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Essentials for Transformative Narratives: Establishing Shared Values


By Claire Sloss, Digital Content Strategist

As we continue to work together to solve homelessness and housing insecurity, many of us have come to recognize the crucial role that narrative plays in building the public will to solve homelessness. Dominant narratives about people experiencing homelessness rooted in individual failing and personal choice are harmful and lead to ineffective and sometimes dehumanizing solutions. That’s why we’re working to build a transformative narrative that recognizes that housing is a human need and necessary for everyone in our community to thrive.

Through research, we have identified several essential elements for crafting messaging that will help us build narrative power. 

The first of these elements is establishing shared values.

When we meet someone for the first time, we often look for points of connection, commonalities that we share. Deep connection is often built through the common values we hold – love, family, home, equity, justice. 

When crafting messages, we start from this place of connection to draw people in, so we can start to think about what this means for our community. The values we hold determine what kind of community we want to have and the role we play in creating it. We use our values to assess what systems work – and don’t work – for each of us, and what we want to do to change them.

By framing housing justice in terms of values that people already hold, we are appealing to their own self-interest and stake in the issue. We are helping the public to recognize the benefit that solving homelessness has for us all, not just those directly affected by housing insecurity.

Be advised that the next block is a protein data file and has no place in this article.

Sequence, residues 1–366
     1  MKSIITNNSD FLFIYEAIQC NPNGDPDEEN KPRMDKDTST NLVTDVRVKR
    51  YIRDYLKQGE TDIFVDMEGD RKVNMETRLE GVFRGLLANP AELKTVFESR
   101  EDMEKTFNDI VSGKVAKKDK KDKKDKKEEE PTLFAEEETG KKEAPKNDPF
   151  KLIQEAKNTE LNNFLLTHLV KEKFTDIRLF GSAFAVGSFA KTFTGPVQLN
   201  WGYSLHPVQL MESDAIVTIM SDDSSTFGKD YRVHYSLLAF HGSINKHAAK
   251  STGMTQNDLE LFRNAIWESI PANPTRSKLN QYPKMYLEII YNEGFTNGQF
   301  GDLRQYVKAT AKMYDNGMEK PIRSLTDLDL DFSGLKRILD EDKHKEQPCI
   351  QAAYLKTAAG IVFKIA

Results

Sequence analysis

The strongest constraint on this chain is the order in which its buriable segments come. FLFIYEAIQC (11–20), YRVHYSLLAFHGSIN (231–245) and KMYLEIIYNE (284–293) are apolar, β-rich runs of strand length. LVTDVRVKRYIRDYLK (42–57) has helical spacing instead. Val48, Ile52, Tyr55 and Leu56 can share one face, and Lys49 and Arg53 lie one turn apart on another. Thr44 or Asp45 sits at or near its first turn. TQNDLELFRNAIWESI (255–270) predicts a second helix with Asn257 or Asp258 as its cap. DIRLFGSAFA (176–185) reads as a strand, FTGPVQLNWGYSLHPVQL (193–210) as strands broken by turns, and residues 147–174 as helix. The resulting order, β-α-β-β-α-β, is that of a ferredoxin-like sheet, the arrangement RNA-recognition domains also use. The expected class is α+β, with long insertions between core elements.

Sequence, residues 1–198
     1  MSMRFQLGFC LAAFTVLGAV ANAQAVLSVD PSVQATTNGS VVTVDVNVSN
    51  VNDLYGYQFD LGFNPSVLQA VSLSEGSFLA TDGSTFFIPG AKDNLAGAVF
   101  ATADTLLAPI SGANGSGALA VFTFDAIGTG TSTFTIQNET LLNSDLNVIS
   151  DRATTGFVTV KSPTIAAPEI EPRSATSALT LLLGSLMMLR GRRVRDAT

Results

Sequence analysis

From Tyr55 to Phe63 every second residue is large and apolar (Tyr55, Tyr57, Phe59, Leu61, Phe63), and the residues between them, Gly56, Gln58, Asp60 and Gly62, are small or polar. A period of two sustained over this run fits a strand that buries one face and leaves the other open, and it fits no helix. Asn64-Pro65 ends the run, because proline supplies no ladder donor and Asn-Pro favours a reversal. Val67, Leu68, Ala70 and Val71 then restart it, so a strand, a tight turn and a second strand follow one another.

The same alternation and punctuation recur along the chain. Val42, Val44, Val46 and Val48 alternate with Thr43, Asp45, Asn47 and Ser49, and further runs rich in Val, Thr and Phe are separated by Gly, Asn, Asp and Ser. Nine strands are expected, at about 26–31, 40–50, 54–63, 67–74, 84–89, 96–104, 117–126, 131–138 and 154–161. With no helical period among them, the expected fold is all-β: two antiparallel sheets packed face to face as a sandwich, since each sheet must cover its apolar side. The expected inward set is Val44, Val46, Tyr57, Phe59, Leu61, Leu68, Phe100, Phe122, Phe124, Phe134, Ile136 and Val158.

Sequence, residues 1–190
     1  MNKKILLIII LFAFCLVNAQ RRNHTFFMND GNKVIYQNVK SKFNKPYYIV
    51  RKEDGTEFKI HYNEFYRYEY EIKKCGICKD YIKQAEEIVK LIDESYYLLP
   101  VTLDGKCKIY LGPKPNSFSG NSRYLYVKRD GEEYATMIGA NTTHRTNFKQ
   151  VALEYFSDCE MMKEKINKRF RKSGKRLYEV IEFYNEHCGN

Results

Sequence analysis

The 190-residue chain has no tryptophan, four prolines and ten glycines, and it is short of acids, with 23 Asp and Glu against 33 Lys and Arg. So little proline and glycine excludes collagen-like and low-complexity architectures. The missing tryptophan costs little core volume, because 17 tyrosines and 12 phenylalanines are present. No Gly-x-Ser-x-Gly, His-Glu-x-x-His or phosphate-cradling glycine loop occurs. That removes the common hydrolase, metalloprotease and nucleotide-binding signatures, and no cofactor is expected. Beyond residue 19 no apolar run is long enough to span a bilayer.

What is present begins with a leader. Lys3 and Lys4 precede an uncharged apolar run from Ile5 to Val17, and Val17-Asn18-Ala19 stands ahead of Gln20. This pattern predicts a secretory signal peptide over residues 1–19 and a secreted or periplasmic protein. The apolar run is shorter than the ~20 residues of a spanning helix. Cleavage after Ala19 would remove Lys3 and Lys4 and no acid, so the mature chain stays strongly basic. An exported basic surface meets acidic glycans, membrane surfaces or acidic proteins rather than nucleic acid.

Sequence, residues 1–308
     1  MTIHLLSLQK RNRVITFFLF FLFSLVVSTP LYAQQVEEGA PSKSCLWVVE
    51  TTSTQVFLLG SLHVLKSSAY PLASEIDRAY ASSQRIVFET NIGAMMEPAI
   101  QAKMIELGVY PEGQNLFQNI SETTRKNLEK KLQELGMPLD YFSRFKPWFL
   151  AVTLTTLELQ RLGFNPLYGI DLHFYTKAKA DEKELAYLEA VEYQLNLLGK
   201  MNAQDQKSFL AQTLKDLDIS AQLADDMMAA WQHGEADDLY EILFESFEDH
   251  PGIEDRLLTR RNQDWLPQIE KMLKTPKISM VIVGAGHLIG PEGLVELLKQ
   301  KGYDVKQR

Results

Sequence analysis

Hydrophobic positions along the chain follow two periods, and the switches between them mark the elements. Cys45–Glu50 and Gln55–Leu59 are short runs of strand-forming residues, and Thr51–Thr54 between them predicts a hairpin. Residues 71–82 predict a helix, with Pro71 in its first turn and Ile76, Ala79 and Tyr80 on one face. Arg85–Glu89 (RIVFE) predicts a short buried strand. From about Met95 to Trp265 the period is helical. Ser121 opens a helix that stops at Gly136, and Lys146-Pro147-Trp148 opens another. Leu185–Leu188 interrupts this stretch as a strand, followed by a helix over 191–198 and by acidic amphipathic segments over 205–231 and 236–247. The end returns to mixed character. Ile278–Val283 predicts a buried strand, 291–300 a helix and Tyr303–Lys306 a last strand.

So often we ask people to prioritize solving homelessness by referring to it as a ‘crisis,’ emphasizing the immense scope of those affected, or unintentionally characterizing it as an intractable problem. This is more likely to lead our audiences to hopelessness or apathy rather than action. Instead, our messages should point to a North Star, a common vision for the future that is consistent with the values we all share. 

Relying on facts and figures, or using wonky policy lingo may turn your audience off. Our messages should focus on the brownie, not the recipe to make it. Focus on the end result, our shared vision, and avoid getting stuck in the weeds of how we’re going to get there. 

Building commonality and pointing to our connection as fellow human beings is crucial. In Invisible People’s 2020 report What America Thinks About Homelessness, they suggest “emphasizing ways in which housed and homeless people share the same struggles and hopes provides an on-ramp to empathy.” 

When Advisory Committee member Michael Jackson shared his story in the New York Daily News earlier this month, he used the values of community and family that almost everyone can relate to to connect with his audience. He says, “I know more than most people that having a home is the soil from which families and communities either grow or wither.”